So, how about this: MLB and the union could agree to an economic split, sharing settled percentages of the diminished financial pie after closed-door negotiations. Any public squabbling would be awful for everybody.

In the year after 9/11, the collective bargaining agreement was set to expire, and the two sides were deadlocked over the issue of PED testing; memories of the lengthy 1994-95 work stoppage loomed. As the deadline neared, some veteran players argued on a conference call -- rightly -- that the union would be obliterated in the court of public opinion if the players went on strike in the early days of the United States' war on terror. A deal was struck, labor peace continued.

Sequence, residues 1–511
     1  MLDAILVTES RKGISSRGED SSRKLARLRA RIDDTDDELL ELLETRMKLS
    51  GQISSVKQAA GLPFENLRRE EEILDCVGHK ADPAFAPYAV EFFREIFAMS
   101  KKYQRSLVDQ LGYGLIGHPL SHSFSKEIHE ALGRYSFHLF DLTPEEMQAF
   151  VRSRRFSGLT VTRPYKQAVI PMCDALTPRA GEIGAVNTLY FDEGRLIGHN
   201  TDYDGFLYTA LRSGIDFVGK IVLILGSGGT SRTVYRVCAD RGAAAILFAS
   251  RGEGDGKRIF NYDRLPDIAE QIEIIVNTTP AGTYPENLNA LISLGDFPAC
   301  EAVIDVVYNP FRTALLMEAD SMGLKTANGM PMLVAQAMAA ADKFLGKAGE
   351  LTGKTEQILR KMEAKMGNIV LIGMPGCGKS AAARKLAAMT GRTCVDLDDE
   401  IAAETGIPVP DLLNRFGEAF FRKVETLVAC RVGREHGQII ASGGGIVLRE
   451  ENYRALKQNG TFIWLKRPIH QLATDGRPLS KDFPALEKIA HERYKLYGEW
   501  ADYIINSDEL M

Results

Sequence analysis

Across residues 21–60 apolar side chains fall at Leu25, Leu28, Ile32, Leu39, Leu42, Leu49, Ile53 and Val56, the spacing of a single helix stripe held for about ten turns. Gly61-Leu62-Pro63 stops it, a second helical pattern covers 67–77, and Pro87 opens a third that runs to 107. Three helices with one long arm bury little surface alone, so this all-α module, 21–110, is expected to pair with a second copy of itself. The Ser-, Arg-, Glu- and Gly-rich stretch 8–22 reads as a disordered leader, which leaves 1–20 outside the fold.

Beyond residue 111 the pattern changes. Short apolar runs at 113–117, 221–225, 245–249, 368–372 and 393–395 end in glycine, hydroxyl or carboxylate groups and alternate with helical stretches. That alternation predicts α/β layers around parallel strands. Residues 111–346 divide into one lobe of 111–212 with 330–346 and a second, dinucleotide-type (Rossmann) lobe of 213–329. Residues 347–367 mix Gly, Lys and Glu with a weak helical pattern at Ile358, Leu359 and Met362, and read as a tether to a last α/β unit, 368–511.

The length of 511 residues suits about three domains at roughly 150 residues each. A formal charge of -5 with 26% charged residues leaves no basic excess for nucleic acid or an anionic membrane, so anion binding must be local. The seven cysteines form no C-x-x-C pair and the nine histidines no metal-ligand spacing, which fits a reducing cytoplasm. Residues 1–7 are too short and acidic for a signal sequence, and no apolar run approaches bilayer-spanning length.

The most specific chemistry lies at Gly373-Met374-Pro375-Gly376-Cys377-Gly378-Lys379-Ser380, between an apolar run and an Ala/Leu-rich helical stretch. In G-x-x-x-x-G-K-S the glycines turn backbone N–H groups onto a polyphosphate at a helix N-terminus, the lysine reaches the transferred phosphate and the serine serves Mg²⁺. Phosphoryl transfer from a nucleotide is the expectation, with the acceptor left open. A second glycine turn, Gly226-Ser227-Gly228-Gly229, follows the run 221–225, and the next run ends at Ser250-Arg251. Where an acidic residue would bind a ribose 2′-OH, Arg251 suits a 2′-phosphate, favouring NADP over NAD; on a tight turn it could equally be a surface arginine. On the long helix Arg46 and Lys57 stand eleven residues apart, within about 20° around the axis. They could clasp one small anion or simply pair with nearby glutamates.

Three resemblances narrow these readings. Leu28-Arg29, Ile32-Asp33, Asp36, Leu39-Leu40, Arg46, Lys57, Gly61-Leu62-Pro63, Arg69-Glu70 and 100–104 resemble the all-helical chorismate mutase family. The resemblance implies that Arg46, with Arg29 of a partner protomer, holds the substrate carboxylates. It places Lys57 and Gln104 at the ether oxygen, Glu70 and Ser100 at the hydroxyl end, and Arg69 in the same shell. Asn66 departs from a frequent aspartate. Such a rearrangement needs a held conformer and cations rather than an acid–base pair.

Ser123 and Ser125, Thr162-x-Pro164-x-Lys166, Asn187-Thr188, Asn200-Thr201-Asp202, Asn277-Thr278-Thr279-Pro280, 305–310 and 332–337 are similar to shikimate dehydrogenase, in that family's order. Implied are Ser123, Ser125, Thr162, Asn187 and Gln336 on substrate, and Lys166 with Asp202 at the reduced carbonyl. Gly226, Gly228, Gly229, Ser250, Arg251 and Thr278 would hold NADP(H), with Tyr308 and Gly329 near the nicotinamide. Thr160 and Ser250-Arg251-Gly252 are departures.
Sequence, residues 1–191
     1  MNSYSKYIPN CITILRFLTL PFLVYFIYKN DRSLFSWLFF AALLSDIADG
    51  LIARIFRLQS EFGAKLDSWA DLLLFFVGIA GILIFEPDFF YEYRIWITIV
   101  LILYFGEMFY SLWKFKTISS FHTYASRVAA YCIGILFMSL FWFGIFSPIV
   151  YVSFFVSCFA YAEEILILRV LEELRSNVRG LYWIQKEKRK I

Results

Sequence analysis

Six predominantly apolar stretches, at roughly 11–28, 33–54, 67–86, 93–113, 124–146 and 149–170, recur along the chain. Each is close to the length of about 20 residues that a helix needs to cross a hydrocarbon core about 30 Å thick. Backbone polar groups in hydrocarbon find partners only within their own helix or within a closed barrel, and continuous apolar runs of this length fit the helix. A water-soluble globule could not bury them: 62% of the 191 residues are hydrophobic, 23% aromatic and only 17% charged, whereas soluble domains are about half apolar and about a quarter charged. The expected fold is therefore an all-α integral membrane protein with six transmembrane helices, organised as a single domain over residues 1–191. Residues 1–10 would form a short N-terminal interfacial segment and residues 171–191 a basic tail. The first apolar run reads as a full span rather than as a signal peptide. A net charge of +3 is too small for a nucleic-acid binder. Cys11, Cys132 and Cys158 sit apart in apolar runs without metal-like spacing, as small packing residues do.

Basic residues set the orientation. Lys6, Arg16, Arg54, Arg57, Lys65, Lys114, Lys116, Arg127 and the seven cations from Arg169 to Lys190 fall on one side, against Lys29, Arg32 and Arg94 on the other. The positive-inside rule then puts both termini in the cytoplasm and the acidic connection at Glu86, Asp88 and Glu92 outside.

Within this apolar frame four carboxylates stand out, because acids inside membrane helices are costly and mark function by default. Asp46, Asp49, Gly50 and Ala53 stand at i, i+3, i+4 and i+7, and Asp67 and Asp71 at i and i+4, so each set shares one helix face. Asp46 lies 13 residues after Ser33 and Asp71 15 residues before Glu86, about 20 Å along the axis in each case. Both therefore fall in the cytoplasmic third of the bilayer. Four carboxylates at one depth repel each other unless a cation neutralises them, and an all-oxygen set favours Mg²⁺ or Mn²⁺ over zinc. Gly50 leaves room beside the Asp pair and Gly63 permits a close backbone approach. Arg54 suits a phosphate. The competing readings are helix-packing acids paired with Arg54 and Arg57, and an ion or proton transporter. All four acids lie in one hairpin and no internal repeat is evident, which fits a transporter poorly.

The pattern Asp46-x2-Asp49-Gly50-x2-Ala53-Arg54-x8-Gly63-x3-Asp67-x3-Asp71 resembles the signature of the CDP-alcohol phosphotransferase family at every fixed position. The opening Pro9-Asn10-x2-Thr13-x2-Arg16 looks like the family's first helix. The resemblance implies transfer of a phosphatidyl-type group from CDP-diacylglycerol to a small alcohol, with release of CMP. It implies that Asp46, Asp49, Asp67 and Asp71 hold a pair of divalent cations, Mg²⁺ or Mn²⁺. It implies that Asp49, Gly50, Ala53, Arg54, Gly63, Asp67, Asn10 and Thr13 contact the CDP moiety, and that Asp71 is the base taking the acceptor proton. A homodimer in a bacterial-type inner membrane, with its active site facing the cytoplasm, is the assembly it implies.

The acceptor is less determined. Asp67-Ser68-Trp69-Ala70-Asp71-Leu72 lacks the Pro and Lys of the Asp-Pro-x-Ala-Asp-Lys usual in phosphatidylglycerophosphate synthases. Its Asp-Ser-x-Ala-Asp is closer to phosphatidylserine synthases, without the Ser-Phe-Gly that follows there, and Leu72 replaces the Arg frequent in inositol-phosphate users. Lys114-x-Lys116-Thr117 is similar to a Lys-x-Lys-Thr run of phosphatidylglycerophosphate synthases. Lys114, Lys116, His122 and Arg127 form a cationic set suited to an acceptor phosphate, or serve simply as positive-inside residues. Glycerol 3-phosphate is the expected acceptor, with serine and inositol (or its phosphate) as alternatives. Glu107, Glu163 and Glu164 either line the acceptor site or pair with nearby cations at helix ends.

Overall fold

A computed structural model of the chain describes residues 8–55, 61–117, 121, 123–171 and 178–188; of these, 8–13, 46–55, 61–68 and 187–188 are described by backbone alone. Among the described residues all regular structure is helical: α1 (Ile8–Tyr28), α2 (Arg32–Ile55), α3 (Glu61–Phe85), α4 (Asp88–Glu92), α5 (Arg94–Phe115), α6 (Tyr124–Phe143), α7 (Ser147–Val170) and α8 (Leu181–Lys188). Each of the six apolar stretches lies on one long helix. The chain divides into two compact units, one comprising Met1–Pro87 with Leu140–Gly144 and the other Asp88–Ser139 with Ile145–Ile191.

6. With MLB and the players' association in daily collaboration these days, it would be a great time to begin serious dialogue about the next CBA -- with the goal of working out an extension by the time baseball resumes. The two sides can settle their arguments over service-time manipulation and free agency, embed anti-tanking measures, embrace the universal DH (which, by the way, would be perfect for 2020, when pitchers will be an increased risk for injury because of their sporadic spring preparation), and talk through other issues.

Imagine the menu that baseball could provide to kick off in June or July. The All-Star Game, an event used to kick off the resumption of play after a strike in 1981. The Home Run Derby. The Hall of Fame induction of Derek Jeter and Larry Walker. And an announcement of the next CBA agreement.

These are measures baseball could use. These are measures MLB will need, in its recovery.